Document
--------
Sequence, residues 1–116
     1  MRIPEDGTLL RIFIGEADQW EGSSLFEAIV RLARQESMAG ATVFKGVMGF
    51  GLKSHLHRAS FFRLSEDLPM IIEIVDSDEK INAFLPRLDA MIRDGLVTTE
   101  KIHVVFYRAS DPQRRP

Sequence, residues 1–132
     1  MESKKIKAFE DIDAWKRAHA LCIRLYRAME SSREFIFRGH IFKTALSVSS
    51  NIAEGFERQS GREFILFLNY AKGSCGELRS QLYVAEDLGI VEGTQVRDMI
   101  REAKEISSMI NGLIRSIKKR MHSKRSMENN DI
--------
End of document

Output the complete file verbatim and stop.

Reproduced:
Sequence, residues 1–116
     1  MRIPEDGTLL RIFIGEADQW EGSSLFEAIV RLARQESMAG ATVFKGVMGF
    51  GLKSHLHRAS FFRLSEDLPM IIEIVDSDEK INAFLPRLDA MIRDGLVTTE
   101  KIHVVFYRAS DPQRRP

Sequence, residues 1–132
     1  MESKKIKAFE DIDAWKRAHA LCIRLYRAME SSREFIFRGH IFKTALSVSS
    51  NIAEGFERQS GREFILFLNY AKGSCGELRS QLYVAEDLGI VEGTQVRDMI
   101  REAKEISSMI NGLIRSIKKR MHSKRSMENN DI